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Fuel Mileage and Timing

2054 Views 23 Replies 7 Participants Last post by  N0DIH
Coming home from the Des Moines meet on Sunday, I drove 262 miles. About 2 of those miles were city miles, getting to the freeway, stopping once for food, and getting back on. When I arrived home, I filled up immediately with 9.4 gallons. This works out to 27.87 mpg! Iowa and southern Minnesota are quite flat, and I had the cruise set right at 55 mph; I was in no rush, and trying to get the best mileage possible. Considering the EPA back in 1990 estimated the highway mileage at 25 (and considering the highway test is done at about 49 mph), I'm wondering how I was able to get almost 3 mpg better than the EPA figured I should. My timing is advanced 12* from the stock 0* and I'm running premium. Would the timing advance alone net 3 mpg, or do these cars simply get better mileage at 55 instead of 49?

Brian
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I run regular in my 92 Roadmaster and my timing is at the stock 0*. On a recent trip with the cruise set at 55 I got 30.12 mpg. I have 3.08 gears and everything is stock.

So I'm not sure if it's the advanced timing, or if they just underated these cars.
Is that mileage pretty typical for you? I've got 3.08 gears as well, and I typically get about 20 on the highway.
Yes, advanced timning will often help mileage up to a point.

The Epa test is not done at a constant speed though, it is a city cycle and a highway cycle. They strap the car to rollers and run it through a set speed profile that includes cruising at several speeds, slowdowns and acceleration - even in the hwy test. The whole point was to simulate highway-type driving for the average American, not steady uninterrupted cruising. So if you had smooth sailing for 262 miles I would say it is *very* easy to beat the EPA numbers.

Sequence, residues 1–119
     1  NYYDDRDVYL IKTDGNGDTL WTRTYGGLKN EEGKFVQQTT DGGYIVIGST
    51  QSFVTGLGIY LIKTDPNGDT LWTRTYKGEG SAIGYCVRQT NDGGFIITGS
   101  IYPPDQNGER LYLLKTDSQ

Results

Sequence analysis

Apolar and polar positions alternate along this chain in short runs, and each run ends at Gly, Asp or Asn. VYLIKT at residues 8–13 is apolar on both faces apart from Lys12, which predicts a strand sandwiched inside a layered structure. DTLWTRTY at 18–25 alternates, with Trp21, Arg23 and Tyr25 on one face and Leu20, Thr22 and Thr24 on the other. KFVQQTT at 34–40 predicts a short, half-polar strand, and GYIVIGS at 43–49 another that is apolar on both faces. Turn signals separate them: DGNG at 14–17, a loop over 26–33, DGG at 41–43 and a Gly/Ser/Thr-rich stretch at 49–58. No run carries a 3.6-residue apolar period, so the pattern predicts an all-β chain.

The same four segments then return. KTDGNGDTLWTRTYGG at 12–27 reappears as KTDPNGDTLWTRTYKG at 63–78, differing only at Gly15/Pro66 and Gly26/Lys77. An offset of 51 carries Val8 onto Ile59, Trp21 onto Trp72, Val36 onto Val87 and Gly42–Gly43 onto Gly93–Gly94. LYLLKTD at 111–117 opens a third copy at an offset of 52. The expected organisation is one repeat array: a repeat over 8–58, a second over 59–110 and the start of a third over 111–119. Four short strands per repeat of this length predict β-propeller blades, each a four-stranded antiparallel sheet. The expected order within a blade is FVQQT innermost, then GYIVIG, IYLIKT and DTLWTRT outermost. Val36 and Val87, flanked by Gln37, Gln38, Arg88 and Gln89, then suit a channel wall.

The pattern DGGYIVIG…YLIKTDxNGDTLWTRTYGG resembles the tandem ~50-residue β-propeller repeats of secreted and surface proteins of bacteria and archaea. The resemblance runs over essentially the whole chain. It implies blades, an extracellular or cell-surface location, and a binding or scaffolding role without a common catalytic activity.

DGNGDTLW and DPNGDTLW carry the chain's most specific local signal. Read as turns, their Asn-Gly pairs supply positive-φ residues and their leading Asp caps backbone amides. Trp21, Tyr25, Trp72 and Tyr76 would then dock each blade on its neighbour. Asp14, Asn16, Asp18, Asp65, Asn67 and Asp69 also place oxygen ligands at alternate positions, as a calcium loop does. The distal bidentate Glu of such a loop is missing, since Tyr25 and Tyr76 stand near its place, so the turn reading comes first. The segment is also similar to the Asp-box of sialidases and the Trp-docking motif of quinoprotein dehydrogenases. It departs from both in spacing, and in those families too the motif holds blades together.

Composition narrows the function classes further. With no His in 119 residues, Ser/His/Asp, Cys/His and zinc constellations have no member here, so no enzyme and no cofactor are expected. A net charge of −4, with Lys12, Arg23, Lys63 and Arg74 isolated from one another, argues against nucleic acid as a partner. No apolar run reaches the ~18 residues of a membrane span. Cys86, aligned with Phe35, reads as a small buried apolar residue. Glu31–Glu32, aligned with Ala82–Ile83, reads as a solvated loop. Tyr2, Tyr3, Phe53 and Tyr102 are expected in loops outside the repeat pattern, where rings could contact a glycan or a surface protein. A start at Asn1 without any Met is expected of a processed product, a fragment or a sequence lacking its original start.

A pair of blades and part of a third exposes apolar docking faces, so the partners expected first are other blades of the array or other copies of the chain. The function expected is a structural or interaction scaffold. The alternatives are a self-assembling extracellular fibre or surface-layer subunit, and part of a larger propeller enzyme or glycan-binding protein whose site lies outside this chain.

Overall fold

Is that mileage pretty typical for you? I've got 3.08 gears as well, and I typically get about 20 on the highway.

30 was way out of the ordinary, but I have never set the cruise in the range of 50-55 before.

I usually get 25.5mpg on my trip to Toledo which is 140 miles with about 15 of that city with the cruise control set in the range of 65-72. If I do much above 70 it drops like a rock. Coming home from school in Michigan I was doing 80 and got 18mpg.

Driving around my town I usually get 17.5-19mpg, but keep in mind, it isn't city driving. There are stop signs and stop lights, but it isn't stop and go at all.
I saw 30.5 MPG once in my deVille....162 miles nonstop at 71 mph.
Almost everyone I have seen who has had a great mpg number the tank before and after are crap, and if you average the last say 5 tanks, you never see close to the great mpg number.

If you record you mpg, calc an average of the last 1500 miles. See if it supports the high values.

I guess the Missouri in me shows though....

Like my friend who was getting 15-16 mpg in his 96 454 Burb. Wow, great. I have one now, a 99, and I get 10-13, and 13 being quite rare. I asked him how he measures it and fills the tank. He just lets the pump shut off and that is where he leaves it. So very very inconsistent in the filling of the tank, which throws the mpg values all over the place.....

Consistency is key, and if you can't be consistent, long term averages are the only way to get some reasonable accuracy. 1500 miles or more.
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He just lets the pump shut off and that is where he leaves it. So very very inconsistent in the filling of the tank, which throws the mpg values all over the place.....
Gotta disagree on that. I always stop at the automatic shutoff and I keep a spreadsheet with each fill for my daily driver. As long as my driving conditions are consistent I see very consistent mpg numbers filling this way.
If every pump had the same pressure, and stopped at the exact same point, yes, but they don't, some pumps are slow, some are cranked up fast. This affects how much fuel is in the tank for each fill up.

If you use the same station, same pump all the time, you might be ok, but if you don't and shop around (not advisable in my book) you get a lot of variance.
I fill every tank up to the top of the goose neck. I know, topping off is illegal in some states, but it makes sure I have a somewhat accurate measurement.